Facial Reconstruction After Skin Cancer Surgery

basal cell carcinoma cancel lesion on the nose
Brian Lawrence/Getty Images

In the United States alone, over one million cases of skin cancer are diagnosed every year, and that number seems to be steadily on the rise. Moreover, it is estimated that 93% to 97% of all skin cancer occurs on a highly visible part of the body such as the head, face, ears, neck, hands, and arms. It’s not hard to understand why this is the case, considering the fact that these are the parts of the body which typically receive the most sun exposure.

The good news about skin cancer is that early detection (while the cancer is still in its localized stage) means a near 99% survival rate. The survival rate drops steadily in proportion to how far the cancer has spread at the time of detection, so regular screenings are important.

Treatment of Skin Cancer

While certain types of skin cancer can be treated with cryotherapy (freezing), lasers, electrodesiccation and curettage (aka ED&C, which is alternate scraping and burning of the lesion), and even topically applied chemotherapy, others require surgical excision.

Often, the best way to accomplish skin cancer excision while preserving as much normal tissue as possible in highly visible areas is to undergo Mohs surgery. A Mohs surgeon is a dermatologist who has received at least one year of additional specialized training in the surgical removal of skin cancer lesions.

What Happens After the Cancer is Removed

Once the Mohs surgery is completed, however, the job is often not done.

Although your Mohs surgeon can sometimes simply close the wound left after excision, it is quite likely that the cosmetic result of a simple close will be less than satisfactory to you. Especially on the face, many patients will desire the help of a plastic surgeon to restore their appearance as close to normal as possible.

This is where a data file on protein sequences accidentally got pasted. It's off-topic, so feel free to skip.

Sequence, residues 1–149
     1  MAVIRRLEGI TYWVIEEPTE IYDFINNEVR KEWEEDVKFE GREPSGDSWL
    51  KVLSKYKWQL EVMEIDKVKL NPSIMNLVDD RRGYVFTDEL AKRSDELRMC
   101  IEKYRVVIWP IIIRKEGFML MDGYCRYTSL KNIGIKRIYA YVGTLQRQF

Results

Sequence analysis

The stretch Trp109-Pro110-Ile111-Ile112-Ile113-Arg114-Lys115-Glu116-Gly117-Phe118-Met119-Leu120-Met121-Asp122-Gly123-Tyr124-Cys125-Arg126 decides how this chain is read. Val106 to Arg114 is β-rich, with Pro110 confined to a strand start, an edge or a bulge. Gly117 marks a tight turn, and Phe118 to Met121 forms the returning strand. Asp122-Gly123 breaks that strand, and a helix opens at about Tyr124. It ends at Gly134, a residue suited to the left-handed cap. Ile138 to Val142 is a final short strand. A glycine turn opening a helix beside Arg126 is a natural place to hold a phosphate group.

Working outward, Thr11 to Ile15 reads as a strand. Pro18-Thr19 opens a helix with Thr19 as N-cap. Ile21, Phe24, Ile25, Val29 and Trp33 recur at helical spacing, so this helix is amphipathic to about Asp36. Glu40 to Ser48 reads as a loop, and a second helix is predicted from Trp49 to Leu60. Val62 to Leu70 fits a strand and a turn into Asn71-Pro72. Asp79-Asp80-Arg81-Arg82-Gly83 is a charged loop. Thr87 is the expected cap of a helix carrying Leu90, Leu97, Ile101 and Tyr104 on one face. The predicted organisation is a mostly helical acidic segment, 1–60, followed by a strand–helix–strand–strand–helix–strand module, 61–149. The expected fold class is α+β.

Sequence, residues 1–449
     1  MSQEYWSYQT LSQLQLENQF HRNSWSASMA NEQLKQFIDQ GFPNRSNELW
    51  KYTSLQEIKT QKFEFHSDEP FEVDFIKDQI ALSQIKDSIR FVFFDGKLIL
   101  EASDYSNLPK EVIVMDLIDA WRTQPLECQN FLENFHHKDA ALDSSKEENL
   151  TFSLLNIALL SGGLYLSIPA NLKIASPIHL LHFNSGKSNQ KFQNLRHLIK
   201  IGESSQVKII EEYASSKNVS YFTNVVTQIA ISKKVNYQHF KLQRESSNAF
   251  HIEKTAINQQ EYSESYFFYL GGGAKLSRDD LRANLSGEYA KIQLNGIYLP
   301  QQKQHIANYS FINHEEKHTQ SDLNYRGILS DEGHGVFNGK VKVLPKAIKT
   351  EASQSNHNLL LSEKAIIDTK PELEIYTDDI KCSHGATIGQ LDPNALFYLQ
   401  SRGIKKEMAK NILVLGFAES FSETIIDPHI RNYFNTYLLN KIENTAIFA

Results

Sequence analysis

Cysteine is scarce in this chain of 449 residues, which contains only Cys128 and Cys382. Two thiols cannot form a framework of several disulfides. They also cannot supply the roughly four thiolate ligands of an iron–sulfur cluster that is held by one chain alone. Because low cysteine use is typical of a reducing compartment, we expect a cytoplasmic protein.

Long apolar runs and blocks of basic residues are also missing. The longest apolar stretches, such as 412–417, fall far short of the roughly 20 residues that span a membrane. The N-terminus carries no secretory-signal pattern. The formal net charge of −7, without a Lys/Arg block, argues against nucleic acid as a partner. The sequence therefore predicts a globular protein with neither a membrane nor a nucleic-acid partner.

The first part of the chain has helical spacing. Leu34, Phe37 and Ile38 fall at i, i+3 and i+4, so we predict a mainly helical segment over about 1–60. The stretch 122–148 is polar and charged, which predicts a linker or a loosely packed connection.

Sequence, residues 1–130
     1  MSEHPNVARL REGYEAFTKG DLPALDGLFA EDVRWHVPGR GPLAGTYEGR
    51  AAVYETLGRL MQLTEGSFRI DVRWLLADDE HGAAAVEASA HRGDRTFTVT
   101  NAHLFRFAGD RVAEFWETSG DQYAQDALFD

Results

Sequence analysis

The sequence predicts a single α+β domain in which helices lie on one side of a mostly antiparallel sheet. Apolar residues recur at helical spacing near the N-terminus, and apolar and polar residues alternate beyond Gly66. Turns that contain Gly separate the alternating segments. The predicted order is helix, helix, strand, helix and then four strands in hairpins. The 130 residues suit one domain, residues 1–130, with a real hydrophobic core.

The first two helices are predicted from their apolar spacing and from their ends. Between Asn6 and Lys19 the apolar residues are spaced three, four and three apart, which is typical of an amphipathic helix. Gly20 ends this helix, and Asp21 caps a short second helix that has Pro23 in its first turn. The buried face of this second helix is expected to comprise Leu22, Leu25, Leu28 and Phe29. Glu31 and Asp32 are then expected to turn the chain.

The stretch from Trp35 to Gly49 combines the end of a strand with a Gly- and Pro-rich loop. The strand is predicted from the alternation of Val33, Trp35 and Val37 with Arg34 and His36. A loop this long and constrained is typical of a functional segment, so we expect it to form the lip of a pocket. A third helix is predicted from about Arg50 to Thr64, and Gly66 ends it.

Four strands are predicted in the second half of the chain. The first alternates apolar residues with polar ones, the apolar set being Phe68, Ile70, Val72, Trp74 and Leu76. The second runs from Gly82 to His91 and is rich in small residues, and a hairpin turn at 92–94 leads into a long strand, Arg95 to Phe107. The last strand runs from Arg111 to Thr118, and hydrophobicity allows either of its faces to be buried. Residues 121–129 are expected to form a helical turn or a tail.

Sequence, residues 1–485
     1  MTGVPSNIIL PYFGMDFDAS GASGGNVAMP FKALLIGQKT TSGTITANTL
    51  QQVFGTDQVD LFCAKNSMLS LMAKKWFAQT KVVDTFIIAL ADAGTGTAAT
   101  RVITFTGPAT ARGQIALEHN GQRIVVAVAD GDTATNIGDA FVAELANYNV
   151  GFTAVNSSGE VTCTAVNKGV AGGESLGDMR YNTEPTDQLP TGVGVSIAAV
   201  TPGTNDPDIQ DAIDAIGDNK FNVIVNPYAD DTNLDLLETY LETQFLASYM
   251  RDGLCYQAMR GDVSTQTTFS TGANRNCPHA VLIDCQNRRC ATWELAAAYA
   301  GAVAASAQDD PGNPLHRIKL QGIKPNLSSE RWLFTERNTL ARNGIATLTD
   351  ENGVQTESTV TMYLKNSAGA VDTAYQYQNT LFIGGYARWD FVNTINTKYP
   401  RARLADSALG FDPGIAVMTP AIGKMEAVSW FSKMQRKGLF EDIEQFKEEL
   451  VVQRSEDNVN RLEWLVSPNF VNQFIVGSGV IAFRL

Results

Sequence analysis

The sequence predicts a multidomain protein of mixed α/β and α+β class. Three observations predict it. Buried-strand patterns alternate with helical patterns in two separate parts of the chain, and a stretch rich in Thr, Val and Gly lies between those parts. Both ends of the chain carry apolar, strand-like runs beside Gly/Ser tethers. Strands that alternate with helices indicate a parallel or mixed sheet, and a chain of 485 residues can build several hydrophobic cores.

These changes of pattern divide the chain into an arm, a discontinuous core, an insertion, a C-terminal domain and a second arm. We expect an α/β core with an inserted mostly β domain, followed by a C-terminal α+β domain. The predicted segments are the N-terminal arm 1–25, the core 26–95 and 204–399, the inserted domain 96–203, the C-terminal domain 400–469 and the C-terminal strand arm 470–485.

How to Find the Right Surgeon for Reconstruction

This type of surgery is reconstructive in nature and should be performed by a plastic surgeon who specializes in this type of surgery. Although there are no special requirements to do this type of surgery, it is recommended that you seek the services of a facial plastic surgeon (as opposed to a general plastic surgeon) who is certified by the American Academy of Facial Plastic and Reconstructive Surgery (AAFPRS). The best way to find such a surgeon is typically to ask for a referral from your Mohs surgeon.

The Keys to Great Results

According to board certified facial plastic and reconstructive surgeon, Andrew Jacono, MD, any surgeon doing this kind of work must have a lot of experience in facial plastic surgery, and possess a thorough anatomical understanding of the structures of the face. Dr. Jacono states that the keys to good results include maintaining good blood supply and using a donor site which is a good match with the skin surrounding the injured area (surgical excision site).

Why Skin Grafts are Not Ideal

While some surgeons use skin grafts to repair these types of injuries, Dr. Jacono says this is not ideal because matching the color and texture of the skin can be a problem.

Skin grafts should be used for this type of surgery only as a last resort if the affected area is much too large to be covered using a flap technique.

When Is Reconstructive Surgery Done?

Although reconstructive surgery can happen as a part of, or at any point after, the initial excision surgery, Dr. Jacono points out that most people don’t want to wait to feel “whole” again. He usually performs reconstructive surgery the same day as excision, although sometimes it can be delayed up to one week.

Special Challenges of Facial Reconstructive Surgery

Facial reconstructive surgery after skin cancer presents special challenges because there is a limited amount of well-matched door tissue available.

In cases where a large percentage of facial tissue has been excised, a flap may need to be taken from elsewhere on the body to be used on the face. In the most extreme case, Dr. Jacono says that a face transplant could be considered as an option as the last resort.


In most cases, reconstructive surgery after skin cancer excision will be covered by your health insurance plan. Even if your health plan covers the procedure, make sure you check with your surgeon’s billing office to determine whether or not your plan is accepted by the practice.

If you are uninsured, the costs vary greatly, depending on the type and amount of reconstruction needed. Only your surgeon can give you an idea what the costs are for your unique procedure.

When speaking to your surgeon, be sure to ask about costs not only for his surgical fee, but for anesthesia, medications, facility fees, and lab work.

View Article Sources